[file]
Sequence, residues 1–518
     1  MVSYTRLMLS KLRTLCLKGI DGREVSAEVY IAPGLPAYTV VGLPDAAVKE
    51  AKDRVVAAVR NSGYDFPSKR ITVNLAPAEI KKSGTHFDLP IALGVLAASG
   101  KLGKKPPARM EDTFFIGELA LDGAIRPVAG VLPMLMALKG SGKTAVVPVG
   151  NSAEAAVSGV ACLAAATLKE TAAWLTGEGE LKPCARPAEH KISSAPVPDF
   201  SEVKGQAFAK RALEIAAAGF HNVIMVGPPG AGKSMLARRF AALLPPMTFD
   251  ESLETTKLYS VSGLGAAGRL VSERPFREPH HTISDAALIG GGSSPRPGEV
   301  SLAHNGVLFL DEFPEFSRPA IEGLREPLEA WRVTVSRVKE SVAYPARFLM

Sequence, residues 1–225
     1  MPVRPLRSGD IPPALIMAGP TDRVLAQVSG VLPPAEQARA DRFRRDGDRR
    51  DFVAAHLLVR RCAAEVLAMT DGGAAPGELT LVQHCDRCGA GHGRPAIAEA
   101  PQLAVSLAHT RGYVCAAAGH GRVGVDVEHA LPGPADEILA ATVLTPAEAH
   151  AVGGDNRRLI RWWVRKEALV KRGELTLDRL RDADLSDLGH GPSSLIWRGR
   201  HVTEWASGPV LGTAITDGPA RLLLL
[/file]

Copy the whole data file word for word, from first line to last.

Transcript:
Sequence, residues 1–518
     1  MVSYTRLMLS KLRTLCLKGI DGREVSAEVY IAPGLPAYTV VGLPDAAVKE
    51  AKDRVVAAVR NSGYDFPSKR ITVNLAPAEI KKSGTHFDLP IALGVLAASG
   101  KLGKKPPARM EDTFFIGELA LDGAIRPVAG VLPMLMALKG SGKTAVVPVG
   151  NSAEAAVSGV ACLAAATLKE TAAWLTGEGE LKPCARPAEH KISSAPVPDF
   201  SEVKGQAFAK RALEIAAAGF HNVIMVGPPG AGKSMLARRF AALLPPMTFD
   251  ESLETTKLYS VSGLGAAGRL VSERPFREPH HTISDAALIG GGSSPRPGEV
   301  SLAHNGVLFL DEFPEFSRPA IEGLREPLEA WRVTVSRVKE SVAYPARFLM

Sequence, residues 1–225
     1  MPVRPLRSGD IPPALIMAGP TDRVLAQVSG VLPPAEQARA DRFRRDGDRR
    51  DFVAAHLLVR RCAAEVLAMT DGGAAPGELT LVQHCDRCGA GHGRPAIAEA
   101  PQLAVSLAHT RGYVCAAAGH GRVGVDVEHA LPGPADEILA ATVLTPAEAH
   151  AVGGDNRRLI RWWVRKEALV KRGELTLDRL RDADLSDLGH GPSSLIWRGR
   201  HVTEWASGPV LGTAITDGPA RLLLL